The FIDH condemns the complicit silence of the International community and calls for an international inquiry into war crimes in Iraq

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American forces, responding to the heinous murder of four American civilians on 31 March 2004 in the town of Fallujah, launched a vast military campaign to “crush” the “insurgent movements” in the town, while, for his part, the American General Mark Kimmet, second in command of American army operations in Iraq, promised an “overwhelming” response. On April 6, Operation “Vigilant Resolve” was deployed. It mobilized 2000 American marines, two Iraqi armed security force battalions, tanks, armoured vehicles, snipers, gunships and F16 aircraft.

According to available information, throughout the three week siege, the armed forces have blockaded exits from the town to prevent men aged between 18 and 49 from leaving. Mortar rounds were fired at civilian housing. A 900 kilo bomb was dropped on a residential district and another was aimed at a religious institution killing forty civilians. Snipers shot at passers- by. A number of civilians who were attempting to escape from the shooting, some of whom carried white flags, were directly targeted. Clearly marked ambulances were also targeted and, consequently,ambulance drivers were killed.

Military operations were run from medical facilities. This meant that the Fallujah hospital was closed, the patients were thrown out and the hospital was occupied by "coalition" forces to be used as a strategic base. The humanitarian organizations on the ground deplore that the siege and the occupation of the hospital have severely obstructed the access of the injured to medical services which has led to the loss of a number of lives.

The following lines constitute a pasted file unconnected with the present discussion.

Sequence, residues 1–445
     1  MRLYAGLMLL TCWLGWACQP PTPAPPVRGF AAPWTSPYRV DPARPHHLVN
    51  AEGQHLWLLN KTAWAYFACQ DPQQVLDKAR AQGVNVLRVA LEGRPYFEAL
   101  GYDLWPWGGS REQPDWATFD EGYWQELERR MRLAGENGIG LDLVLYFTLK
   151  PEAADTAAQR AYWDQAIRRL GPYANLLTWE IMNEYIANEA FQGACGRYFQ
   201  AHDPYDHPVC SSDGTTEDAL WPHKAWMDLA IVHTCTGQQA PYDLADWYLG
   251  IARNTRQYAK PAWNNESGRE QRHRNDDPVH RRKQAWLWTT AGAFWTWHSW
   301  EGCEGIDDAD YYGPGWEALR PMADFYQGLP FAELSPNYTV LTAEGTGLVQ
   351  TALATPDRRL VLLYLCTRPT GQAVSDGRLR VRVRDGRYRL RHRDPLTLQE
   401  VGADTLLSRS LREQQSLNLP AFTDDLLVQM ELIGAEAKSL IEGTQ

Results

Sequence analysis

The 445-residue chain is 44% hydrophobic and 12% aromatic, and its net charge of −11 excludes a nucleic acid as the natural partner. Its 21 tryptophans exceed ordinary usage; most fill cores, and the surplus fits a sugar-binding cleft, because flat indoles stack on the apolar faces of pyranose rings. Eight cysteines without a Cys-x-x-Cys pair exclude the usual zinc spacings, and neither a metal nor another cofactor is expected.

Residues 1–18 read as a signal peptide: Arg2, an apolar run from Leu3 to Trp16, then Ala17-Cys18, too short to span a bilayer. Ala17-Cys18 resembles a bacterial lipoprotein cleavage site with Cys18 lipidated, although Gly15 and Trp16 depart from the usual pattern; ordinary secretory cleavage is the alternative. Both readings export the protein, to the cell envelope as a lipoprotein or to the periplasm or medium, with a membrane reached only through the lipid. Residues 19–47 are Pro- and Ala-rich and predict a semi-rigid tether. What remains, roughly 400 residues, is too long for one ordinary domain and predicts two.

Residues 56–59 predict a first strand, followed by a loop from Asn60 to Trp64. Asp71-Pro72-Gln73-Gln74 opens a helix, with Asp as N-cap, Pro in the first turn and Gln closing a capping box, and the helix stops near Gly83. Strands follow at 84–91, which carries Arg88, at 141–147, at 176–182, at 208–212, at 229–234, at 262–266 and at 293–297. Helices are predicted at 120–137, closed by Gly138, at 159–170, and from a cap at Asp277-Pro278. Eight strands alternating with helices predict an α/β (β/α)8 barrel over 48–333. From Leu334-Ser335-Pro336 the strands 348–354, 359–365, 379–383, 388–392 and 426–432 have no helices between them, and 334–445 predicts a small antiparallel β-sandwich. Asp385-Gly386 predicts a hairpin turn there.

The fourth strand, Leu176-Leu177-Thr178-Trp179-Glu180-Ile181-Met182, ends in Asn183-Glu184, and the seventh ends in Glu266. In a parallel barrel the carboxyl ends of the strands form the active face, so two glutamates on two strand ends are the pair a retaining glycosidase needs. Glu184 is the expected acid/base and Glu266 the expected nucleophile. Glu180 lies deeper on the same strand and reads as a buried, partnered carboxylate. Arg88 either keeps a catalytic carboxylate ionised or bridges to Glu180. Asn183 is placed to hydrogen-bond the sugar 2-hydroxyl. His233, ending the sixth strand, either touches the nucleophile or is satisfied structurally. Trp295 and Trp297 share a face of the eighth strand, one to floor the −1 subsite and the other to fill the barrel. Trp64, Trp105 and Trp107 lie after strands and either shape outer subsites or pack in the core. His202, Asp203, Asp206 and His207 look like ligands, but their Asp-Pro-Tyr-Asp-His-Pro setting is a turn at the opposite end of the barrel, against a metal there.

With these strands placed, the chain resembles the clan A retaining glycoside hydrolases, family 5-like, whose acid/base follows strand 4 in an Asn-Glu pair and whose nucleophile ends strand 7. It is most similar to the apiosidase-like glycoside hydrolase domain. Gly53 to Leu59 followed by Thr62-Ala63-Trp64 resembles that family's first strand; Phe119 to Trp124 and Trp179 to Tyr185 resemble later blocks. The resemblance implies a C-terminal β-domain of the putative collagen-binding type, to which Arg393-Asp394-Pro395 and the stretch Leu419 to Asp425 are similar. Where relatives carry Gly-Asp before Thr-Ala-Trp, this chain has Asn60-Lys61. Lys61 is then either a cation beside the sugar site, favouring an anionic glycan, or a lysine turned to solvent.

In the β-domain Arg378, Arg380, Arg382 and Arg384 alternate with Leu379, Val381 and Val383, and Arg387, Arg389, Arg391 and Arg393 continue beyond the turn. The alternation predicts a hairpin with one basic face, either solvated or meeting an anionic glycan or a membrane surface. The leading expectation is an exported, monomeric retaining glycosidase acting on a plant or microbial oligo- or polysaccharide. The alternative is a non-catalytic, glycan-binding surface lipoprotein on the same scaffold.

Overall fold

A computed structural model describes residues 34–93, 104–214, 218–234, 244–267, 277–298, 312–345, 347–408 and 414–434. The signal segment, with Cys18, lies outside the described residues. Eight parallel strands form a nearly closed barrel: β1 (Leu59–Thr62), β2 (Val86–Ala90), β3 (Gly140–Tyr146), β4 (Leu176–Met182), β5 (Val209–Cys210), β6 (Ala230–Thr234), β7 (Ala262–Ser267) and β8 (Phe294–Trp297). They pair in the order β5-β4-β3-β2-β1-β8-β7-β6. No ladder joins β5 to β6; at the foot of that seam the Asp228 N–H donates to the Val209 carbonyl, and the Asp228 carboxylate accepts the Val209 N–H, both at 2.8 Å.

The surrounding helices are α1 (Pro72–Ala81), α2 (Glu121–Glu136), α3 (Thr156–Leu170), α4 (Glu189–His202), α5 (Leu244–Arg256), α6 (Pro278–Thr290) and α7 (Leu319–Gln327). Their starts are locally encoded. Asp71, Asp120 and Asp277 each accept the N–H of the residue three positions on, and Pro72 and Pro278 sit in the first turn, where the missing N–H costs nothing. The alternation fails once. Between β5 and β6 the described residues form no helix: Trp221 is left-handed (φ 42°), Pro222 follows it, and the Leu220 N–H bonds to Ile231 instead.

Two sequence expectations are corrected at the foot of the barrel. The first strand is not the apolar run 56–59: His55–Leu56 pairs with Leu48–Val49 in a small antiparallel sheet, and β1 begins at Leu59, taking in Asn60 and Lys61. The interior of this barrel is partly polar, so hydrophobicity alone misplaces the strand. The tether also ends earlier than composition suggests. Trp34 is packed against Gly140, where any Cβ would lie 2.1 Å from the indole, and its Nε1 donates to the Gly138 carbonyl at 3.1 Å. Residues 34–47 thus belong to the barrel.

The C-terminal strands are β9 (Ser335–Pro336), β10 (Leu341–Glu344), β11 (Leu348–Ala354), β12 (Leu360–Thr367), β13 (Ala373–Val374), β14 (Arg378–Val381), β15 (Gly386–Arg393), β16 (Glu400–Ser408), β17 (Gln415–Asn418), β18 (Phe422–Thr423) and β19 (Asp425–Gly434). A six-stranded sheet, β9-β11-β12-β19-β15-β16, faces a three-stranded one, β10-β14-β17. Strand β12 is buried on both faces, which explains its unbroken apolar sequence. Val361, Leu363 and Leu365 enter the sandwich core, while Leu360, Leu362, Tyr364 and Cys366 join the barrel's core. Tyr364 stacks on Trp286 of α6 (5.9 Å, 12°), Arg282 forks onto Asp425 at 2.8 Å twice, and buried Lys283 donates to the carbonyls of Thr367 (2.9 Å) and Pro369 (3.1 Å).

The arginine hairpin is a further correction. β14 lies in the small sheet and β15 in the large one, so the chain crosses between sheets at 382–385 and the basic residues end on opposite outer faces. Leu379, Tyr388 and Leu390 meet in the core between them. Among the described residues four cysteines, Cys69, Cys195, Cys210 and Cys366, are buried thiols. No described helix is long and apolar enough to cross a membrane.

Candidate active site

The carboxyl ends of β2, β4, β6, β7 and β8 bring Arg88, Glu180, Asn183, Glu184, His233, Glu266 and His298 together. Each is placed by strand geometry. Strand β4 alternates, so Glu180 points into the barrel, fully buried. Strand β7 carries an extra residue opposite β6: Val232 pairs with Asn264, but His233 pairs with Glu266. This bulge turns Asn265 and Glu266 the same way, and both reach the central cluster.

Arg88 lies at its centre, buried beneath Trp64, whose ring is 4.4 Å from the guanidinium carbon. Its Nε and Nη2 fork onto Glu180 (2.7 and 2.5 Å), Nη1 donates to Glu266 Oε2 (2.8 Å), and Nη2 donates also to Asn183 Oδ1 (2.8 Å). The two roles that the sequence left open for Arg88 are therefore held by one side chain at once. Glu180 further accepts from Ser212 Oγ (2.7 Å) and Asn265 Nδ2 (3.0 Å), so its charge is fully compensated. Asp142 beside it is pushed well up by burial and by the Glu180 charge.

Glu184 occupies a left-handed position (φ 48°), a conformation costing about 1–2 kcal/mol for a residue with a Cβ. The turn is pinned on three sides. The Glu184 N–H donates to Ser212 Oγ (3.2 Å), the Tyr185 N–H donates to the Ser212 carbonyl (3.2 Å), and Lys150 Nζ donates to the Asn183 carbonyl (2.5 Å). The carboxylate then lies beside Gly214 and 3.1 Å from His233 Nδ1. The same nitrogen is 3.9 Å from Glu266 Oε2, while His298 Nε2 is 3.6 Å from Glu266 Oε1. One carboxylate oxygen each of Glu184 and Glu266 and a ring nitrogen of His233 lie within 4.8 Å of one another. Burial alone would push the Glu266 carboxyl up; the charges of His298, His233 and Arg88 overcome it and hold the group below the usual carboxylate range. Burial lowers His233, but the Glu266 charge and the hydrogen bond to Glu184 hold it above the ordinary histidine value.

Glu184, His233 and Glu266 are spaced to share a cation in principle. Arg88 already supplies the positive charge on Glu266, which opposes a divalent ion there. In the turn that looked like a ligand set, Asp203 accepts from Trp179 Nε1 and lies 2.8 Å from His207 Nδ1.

The first report of this operation made by the Fallujah hospital director, Rafie Al Issawi, records 600 Iraqi casualties, half of whom are reportedly women, children and old people, and some 1200 seriously injured. Allegedly, 80 American soldiers were killed. The U.S. Marines Commander, lieutenant-colonel Bennan Byrne, openly denied these figures and claimed that 95% of the Iraqi victims were "legitimate targets", i.e. "men of military age". Almost a third of the population fled the town to take refuge in neighbouring towns and camps.

The FIDH condemns such operations which constitute an excessive act of retaliation clearly directed against the civilian population. The disproportionate use of force against unarmed civilians, the execution of a number of them, the destruction of houses, targeted shootings at medical staff and facilities and obstructing access to medical care are all serious violations of the IV Geneva Convention relative to the Protection of Civilian Persons in Time of War, and the perpetrators of such offences are, at the very least, guilty of war crimes.

Further, the FIDH deplores the feeble response from the international community, which on the whole has remained silent. The UN Secretary General’s call for restraint and the few communiqués issued by the IRCC, despite its duty of discretion, are not enough. The FIDH is particularly concerned about the silence of the European Union, the States serving on the Security Council, the UN Human Rights Commission, the Human Rights High Commissioner, the High Contracting Parties to the IV Geneva Convention, who are the only fora and bodies Iraqi victims can turn to.

While the FIDH welcomes the work done by the UN on the mechanisms for transferring power to the Iraqis, this work cannot be performed without regard to the serious violations of international law which the UN has a mandate to protect, without losing all legitimacy to act in the country.

Therefore, the FIDH urgently calls upon the international community to launch, without delay, an independent international inquiry into the crimes perpetrated during the siege on the town of Fallujah and to bring those responsible before an independent and impartial court.

Furthermore, the FIDH calls upon the Swiss government to summon the High Contracting Parties to the IV Geneva Convention to consider remedies to the serious violations of international humanitarian law committed in Iraq since the beginning of military operations in Iraq.

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